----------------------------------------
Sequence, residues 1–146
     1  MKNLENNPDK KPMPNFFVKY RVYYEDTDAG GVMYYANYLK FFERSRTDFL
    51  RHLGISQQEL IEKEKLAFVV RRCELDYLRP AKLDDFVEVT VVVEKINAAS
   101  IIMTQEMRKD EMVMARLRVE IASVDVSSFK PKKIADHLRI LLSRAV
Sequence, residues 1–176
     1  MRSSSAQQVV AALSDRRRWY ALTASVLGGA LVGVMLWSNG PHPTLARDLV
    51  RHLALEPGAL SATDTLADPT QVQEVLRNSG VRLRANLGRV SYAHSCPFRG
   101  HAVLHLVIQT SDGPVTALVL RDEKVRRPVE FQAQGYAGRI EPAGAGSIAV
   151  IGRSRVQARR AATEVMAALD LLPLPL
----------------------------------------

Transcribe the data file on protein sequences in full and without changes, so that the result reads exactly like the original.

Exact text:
Sequence, residues 1–146
     1  MKNLENNPDK KPMPNFFVKY RVYYEDTDAG GVMYYANYLK FFERSRTDFL
    51  RHLGISQQEL IEKEKLAFVV RRCELDYLRP AKLDDFVEVT VVVEKINAAS
   101  IIMTQEMRKD EMVMARLRVE IASVDVSSFK PKKIADHLRI LLSRAV
Sequence, residues 1–176
     1  MRSSSAQQVV AALSDRRRWY ALTASVLGGA LVGVMLWSNG PHPTLARDLV
    51  RHLALEPGAL SATDTLADPT QVQEVLRNSG VRLRANLGRV SYAHSCPFRG
   101  HAVLHLVIQT SDGPVTALVL RDEKVRRPVE FQAQGYAGRI EPAGAGSIAV
   151  IGRSRVQARR AATEVMAALD LLPLPL